Επιμέλεια: Εύα Πετροπούλου Λιανού
Margarita Dimitrova, Plovdiv, Bulgaria
THE CHRISTMAS CELEBRATION
Holidays, whether calendar or family, preserve in their manifestations sacredness and warmth, mass, and the idea of the impact on public life and nature through the magical. Many elements of different pagan and religious rituals are mixed into the holiday system of Bulgarians. Our traditional calendar is structured mainly on two temporal pillars: spring – from St. George’s, and autumn – from Dimitrov’s Day. From Dimitrovden onwards, nature dies to wake up in spring. In autumn, with the fading of nature, the winter holidays begin and the rituals are a kind of preparation for the awakening of nature.
The cultural memory of Bulgarians has preserved in the traditional holiday system the influence of elements from various pagan and religious layers, unaware of this aspect of the local population in the regions. But this religious syncretism is a reason to accept as important for us the time-established attitudes of tolerance, respect, and continuity. In this sense, the celebration of Christmas is one of the most important holidays for a Bulgarian.
In Banite, Smolyan region, and the surrounding villages, this holiday is called Kòlada. People say that Kolada is six days after the first of January. Therefore, it is on January 7 as a reference to the old Christian calendar. Everyone in the family welcomed Kòlada and in the evening expected Boganýš to enter through the chimney. Therefore, the doors were locked with the right hand and tarred. These rituals reproduce pagan magical actions with a protective function.
Holidays and rituals are filled not only with wishful thinking and mysticism but also with sensuality. Here as in all parts of Bulgaria, a traditional feast – “kòladnitsa” that contained beans, corn, cereal plants and dried fruits was cooked. This is done so that the fire is not empty, family happiness does not go out, and for fertility.
The entire rite is aimed at magically “making” a favor for a future happy life for the family or for marriage through the ritual of “koladene” associated with marriage calls to the river.
In the village of Ognyanovo, municipality of Garmen, they say that they also celebrated Christmas on January 7. The carolers were going around and calling for blessings and health to everyone, regardless of faith, and the host donated them. Then they took holy water and sprinkled it everywhere.
In this holiday, as in the others, it is very important that all actions and names follow the principle: likeness begets likeness.
At Christmas, for example, in the village of Poletkovtsi, Kula municipality, Vidin region, the ritual bread with a cross, manger and animals is very important. On Christmas Eve, the table was burned with this bread for fertility, good health, and livestock in the house. There were also carolers, who were calling in the house for health and harvest, and the owner had been giving them whatever he had.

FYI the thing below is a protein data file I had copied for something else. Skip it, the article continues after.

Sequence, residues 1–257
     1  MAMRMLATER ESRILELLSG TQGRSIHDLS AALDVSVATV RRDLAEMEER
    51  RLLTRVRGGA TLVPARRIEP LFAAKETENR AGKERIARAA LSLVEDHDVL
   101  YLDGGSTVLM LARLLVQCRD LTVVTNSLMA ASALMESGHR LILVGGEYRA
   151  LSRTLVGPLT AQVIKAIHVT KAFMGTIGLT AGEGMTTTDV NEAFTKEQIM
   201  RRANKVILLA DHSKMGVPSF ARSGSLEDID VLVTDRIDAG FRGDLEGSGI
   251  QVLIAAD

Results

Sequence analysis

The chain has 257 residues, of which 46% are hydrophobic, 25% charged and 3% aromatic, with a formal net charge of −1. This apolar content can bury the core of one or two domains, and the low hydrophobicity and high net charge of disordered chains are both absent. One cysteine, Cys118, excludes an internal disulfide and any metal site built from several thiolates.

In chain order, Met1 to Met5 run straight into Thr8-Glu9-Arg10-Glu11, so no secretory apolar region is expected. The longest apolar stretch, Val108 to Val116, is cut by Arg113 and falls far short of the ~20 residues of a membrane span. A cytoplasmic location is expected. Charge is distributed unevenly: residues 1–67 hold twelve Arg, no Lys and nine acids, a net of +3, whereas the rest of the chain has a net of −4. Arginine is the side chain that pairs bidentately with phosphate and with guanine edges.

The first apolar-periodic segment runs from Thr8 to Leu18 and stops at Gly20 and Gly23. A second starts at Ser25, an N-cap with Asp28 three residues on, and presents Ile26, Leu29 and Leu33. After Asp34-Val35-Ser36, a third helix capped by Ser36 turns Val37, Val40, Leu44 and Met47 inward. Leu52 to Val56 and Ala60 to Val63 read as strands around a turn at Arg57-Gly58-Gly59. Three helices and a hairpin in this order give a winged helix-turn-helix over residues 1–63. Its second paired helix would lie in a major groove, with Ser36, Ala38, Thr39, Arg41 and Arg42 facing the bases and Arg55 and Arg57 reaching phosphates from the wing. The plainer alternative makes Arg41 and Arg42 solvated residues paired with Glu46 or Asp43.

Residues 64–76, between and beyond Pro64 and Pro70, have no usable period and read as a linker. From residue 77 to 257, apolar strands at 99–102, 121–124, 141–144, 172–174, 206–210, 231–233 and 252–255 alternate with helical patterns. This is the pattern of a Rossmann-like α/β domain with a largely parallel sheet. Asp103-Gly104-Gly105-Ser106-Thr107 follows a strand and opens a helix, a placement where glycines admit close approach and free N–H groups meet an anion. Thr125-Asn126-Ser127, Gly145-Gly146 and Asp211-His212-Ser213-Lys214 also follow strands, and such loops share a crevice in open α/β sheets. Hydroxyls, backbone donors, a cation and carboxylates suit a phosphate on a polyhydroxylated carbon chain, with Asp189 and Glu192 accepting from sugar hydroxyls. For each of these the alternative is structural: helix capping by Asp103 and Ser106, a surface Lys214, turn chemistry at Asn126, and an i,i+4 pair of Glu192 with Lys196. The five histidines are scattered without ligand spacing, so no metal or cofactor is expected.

For Christmas, a pig was butchered in every house. Folk thinking had also created another rite related to young maidens and their domestication – the calling of rings. The maidens’ rings were placed in a cauldron of water. They stayed outside at night. The next day in the courtyard, the girls took them out and called what kind of boy they were going to marry. There is much in common in the holidays and beliefs of our people from different parts of the world.
In the town of Kula, Vidin region, on the sixth of January, it was Christmas Eve, and carolers came to the houses for blessings. Then the owners gave them bagels. Oak or cherry wood was burning in the hearth. A lean dinner had been prepared, which consisted of beans, roasted pumpkin, garlic, patterned salt, walnuts, lean stuffed peppers and sarmi, and a ritual bread. An incense candle was lit in the middle of the ritual bread. It was lit three times from left to right by the oldest in the house. It was called for health and prosperity in the house. Then everyone took a nut and checked their luck during the year. If the nuts are full, then the year will be good for the person. If not, bad luck. Everyone took some of the garlic at the table to protect it from bad things. It was known according to a legend from ancient times that from this day until St. Vasil’s Day are the dirty days and unclean forces walk.
After dinner, the eldest did not sleep so that no evil may befall the House.
The next day is Christmas itself. A pig was butchered and general merriment began.
There is a lot of festivity, kindness, respect, and reciprocity, reflecting the spirit of the Bulgarian, in this festivity.
(The materials are part of a scientific analysis by Margarita Vanova Dimitrova).